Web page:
Richard Ford muses on money and writing for a living; Philanthropy and social entrepreneurialism is the new black; Early retirement isn't all about the money; The economy made me do it honey; Marriage deferred is financial bliss

Richard Ford muses on money and writing for a living; Philanthropy and social entrepreneurialism is the new black; Early retirement isn't all about the money; The economy made me do it honey; Marriage deferred is financial bliss

By Amanda Morrall

1) Richard Ford on funny money

Pulitzer prize winning writer Richard Ford (The Sports Writer, Independence Day, The Lay of the Land -- read them all) is one of my all time favourite authors. The man is a genius. I once braved minus 35 C temps in Calgary for a reading and book signing. I stood there in my parka afterwards palms sweating, knees buckling and tripping over my words as I thrust a stack of books at him and muttered something about being in New Zealand at the same time as him.

Anyway, you can imagine my delight finding this article by Mr. Ford in my inbox (thanks pops) this morning. It actually has a personal finance angle too so I feel justified in sharing it. In it, Ford muses about money, what it means to him and how he's made a living from it. Best part of it is the post-script. He has a new book coming out next year. 

2) Do gooders

I love a good news story. Slowly but surely the media is changing its definition of what constitutes news in recognition of the fact the 95% negative filter lens currently employed isn't how the world really works or looks. 

I was pleasantly surprised to see the Globe and Mail (Canada's national newspaper) launch a dedicated section recently on philanthropy and giving. The scope of the section is broad and includes everything from features on philanthropers, corporate governance, social entrepreneurs, tax implications and trends. As a journalist with 20 years experience, I view this as both a significant and hopeful development for our business.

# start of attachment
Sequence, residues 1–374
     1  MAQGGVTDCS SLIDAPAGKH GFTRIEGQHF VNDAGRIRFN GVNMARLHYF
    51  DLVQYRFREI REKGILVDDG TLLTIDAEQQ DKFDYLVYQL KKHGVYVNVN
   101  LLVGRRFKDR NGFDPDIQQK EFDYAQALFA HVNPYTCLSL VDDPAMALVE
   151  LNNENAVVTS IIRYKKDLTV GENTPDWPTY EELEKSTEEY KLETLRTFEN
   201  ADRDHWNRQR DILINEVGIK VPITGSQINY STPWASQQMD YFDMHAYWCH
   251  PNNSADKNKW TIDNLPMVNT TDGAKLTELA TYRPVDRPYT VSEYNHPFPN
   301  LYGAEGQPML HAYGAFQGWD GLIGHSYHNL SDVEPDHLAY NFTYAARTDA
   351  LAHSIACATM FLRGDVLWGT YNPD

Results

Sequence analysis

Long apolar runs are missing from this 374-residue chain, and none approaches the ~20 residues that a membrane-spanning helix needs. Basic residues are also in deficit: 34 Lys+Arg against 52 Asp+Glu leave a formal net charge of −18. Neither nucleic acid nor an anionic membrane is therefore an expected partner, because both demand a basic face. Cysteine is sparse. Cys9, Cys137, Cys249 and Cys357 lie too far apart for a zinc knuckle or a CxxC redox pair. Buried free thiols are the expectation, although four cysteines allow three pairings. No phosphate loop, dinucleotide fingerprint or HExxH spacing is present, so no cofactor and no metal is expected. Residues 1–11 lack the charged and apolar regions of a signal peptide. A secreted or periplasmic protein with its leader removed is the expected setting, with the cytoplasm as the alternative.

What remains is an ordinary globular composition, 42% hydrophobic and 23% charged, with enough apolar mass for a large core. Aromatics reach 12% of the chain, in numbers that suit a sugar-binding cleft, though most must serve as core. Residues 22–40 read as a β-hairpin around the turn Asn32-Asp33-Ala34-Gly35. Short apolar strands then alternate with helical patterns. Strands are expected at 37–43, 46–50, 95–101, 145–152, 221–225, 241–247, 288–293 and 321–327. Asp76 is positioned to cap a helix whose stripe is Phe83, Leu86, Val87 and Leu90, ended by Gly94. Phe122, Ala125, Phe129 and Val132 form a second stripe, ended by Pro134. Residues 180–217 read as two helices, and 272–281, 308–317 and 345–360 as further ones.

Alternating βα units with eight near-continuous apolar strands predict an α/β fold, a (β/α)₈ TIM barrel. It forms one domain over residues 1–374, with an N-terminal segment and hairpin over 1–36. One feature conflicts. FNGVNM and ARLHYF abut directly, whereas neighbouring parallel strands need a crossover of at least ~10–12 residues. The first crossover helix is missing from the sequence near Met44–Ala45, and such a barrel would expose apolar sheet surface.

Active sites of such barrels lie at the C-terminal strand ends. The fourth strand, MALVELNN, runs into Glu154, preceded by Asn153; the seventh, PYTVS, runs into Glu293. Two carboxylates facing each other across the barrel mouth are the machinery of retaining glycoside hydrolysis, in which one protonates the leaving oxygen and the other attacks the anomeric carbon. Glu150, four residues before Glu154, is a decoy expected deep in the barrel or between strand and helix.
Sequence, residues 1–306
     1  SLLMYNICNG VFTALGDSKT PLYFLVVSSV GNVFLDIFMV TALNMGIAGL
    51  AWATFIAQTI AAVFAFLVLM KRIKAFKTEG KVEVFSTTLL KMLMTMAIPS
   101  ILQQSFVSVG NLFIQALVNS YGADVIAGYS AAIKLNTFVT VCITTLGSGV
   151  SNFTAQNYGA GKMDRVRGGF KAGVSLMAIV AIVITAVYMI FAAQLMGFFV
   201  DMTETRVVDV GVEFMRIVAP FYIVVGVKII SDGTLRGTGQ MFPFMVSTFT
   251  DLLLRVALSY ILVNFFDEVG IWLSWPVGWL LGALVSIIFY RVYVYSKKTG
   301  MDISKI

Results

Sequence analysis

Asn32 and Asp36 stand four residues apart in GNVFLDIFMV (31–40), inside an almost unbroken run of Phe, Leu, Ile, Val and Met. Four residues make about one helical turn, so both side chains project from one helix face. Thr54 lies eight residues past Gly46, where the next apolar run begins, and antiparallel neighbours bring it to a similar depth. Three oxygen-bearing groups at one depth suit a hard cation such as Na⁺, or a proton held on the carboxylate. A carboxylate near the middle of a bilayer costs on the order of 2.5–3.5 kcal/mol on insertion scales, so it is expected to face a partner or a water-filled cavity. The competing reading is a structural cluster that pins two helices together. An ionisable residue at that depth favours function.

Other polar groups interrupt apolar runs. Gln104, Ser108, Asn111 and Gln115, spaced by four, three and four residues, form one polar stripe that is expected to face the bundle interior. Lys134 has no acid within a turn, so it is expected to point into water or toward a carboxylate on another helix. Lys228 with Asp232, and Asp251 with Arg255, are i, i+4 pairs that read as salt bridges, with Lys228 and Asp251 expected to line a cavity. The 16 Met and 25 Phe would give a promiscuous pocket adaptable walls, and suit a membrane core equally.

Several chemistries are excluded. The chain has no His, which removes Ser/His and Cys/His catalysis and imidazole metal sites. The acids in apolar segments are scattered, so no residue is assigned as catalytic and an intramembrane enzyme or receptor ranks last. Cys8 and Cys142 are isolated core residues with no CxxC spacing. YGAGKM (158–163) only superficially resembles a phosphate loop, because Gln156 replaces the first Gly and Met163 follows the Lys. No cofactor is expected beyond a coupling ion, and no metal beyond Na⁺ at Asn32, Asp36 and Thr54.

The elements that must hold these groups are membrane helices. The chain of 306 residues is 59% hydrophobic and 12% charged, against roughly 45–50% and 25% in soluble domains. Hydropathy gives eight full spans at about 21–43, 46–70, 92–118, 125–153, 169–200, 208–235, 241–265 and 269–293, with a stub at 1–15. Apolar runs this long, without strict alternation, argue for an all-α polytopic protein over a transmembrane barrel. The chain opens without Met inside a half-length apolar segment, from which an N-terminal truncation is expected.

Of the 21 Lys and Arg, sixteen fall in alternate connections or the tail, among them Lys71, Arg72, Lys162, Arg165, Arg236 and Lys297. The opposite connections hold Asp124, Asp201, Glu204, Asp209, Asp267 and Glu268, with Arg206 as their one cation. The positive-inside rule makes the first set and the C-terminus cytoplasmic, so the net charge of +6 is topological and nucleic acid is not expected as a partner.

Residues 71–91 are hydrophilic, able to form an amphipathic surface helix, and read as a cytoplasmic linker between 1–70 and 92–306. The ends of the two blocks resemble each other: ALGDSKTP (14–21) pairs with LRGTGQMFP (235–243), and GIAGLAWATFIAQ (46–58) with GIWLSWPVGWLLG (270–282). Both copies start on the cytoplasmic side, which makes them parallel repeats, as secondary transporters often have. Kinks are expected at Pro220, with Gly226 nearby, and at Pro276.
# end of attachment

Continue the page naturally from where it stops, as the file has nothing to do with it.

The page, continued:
This particular article explores the subject of social finance and how non-financial considerations are starting to work their way into the investor's selection criteria.

3) Early retirement

I wrote yesterday about my friends' plan for financial freedom at 50 when she's paid down the mortgage. She's a clever cookie.Building on that theme Time in this piece details how early retirees achieve their goals and how money is but one piece of the puzzle.

4) The economy made me do it honey

Oh man. Here's a good (not) excuse to cheat. Blame your infidelity on the downturn. Another article by Time here reports on a study showing why men are more likely to wander if they feel their livelihoods are being threatened. It's the fight or flight instinct apparently. I get it but haven't we evolved past that yet? Apparently not. It's nature's way of ensuring the human race survives. Here comes the Baby Doomer generation....

5) Marriage deferred is financial bliss

I've reached an age now where most couples I know are onto their second marriages or else fighting hard to save the first. I think I can count on one hand the relationships that are on solid ground. Even then, you never know.

According to this article by my new favourite columnist Marina Adshade looking at the financial and social implications of marriage versus co-habitation, couples who make their vows before moving in stand a better chance of prospering in love and money. I would have thought this had something to do with religious belief and/or pressures but apparently it has more to do with wanting to achieve certain goals before making  the big move.